Papadatou, Danai

Stacy Orloff oral history transcript.

Dr. Stacy Orloff begins the interview describing her experience after completing her MSW degree and one pivotal serendipitous event: she looked at the classified ads in the newspaper for the first time and found a job opening for a children’s program in her local hospice. After she took that position, she found that all her training in life led up to being a children’s advocate in the hospice setting. Dr. Orloff reflects on the beginning of the community-based hospice movement that now seems to provide fewer services than it was once able to due to the regulatory policies. She also describes some of the early challenges she faced with bridging the training gap to equip adult palliative and hospice clinicians with the necessary tools to care for children, even if they might only care for children a few times a year.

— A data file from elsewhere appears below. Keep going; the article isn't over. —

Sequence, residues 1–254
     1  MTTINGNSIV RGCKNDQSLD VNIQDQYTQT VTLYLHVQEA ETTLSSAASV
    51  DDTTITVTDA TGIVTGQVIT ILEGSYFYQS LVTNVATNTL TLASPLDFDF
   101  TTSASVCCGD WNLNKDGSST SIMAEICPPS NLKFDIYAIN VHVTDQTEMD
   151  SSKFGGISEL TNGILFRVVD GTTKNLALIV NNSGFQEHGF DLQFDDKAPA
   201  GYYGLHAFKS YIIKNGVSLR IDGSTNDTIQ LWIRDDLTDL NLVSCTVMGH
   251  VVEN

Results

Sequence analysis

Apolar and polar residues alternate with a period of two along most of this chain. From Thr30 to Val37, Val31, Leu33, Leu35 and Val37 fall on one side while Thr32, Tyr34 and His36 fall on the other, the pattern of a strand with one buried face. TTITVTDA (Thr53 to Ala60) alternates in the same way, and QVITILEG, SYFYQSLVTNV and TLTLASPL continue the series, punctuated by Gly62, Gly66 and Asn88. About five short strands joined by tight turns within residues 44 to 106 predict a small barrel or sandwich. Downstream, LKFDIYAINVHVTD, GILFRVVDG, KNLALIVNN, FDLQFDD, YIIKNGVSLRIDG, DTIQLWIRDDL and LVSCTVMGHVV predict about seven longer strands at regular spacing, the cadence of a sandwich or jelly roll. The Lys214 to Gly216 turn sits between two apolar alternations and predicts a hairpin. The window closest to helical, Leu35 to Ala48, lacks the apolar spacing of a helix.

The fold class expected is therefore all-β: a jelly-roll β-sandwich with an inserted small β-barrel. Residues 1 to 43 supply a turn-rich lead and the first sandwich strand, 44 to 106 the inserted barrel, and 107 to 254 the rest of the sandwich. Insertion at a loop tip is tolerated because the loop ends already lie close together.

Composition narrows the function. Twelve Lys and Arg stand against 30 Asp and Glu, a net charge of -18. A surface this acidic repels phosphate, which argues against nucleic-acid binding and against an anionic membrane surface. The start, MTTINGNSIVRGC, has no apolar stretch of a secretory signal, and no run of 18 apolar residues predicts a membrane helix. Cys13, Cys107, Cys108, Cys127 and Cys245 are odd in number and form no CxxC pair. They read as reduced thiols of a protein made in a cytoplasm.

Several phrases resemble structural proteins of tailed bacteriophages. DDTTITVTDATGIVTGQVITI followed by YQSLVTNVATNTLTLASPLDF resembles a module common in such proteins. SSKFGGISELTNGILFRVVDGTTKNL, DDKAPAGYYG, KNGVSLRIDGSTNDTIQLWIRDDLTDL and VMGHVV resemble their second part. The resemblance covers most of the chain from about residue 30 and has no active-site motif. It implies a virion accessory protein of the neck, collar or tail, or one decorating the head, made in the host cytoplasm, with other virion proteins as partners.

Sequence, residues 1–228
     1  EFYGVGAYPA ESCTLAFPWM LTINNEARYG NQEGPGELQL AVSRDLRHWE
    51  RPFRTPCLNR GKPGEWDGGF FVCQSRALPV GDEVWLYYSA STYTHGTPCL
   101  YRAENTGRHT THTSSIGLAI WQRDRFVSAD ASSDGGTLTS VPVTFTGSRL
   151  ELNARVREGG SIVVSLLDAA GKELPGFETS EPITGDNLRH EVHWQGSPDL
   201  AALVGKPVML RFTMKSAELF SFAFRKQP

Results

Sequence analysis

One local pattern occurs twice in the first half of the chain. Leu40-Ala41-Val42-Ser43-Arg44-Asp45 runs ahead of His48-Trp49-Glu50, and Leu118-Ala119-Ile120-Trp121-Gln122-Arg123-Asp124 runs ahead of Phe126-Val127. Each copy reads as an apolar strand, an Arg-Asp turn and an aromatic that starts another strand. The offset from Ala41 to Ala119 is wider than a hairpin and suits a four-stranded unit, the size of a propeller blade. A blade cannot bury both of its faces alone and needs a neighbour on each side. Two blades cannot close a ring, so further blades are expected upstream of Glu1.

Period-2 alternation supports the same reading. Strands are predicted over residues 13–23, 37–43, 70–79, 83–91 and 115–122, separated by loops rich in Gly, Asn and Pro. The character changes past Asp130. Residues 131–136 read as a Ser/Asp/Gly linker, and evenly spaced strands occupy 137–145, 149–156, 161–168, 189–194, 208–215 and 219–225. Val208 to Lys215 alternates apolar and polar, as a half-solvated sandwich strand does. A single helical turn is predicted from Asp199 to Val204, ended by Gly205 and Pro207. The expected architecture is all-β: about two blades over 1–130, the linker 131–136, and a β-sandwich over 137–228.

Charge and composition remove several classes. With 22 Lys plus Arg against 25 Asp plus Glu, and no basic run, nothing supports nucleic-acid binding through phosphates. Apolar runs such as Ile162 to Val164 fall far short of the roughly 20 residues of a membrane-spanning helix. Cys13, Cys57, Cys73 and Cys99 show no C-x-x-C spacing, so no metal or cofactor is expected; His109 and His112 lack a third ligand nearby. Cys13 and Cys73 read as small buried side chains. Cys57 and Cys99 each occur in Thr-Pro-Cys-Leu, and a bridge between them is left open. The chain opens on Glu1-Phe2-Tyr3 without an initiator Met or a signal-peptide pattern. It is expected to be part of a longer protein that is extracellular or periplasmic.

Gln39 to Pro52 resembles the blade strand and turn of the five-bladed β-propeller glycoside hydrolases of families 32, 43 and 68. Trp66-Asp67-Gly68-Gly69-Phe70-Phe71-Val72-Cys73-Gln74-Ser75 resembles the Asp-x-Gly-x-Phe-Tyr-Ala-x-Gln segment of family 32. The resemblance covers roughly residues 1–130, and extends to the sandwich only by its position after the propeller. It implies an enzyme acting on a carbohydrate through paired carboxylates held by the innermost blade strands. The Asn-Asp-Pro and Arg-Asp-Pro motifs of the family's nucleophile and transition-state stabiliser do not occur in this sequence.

Dr. Orloff then recounts several stories of early palliative and hospice care practices that depict the early need for services designed and dedicated to children. Dr. Orloff also describes her experience finding and working with other interdisciplinary practitioners in creating global programming.

Dr. Orloff concludes with her goals of creating streamlined hospice and palliative services for families that also provide other practical services such as economic assistance and respite care. She envisions a time where all providers on the continuum of care can come to the table together to provide the best quality care for children without the barriers of practice “turfs.”

Orloff, Stacy

Neil Schechter oral history transcript.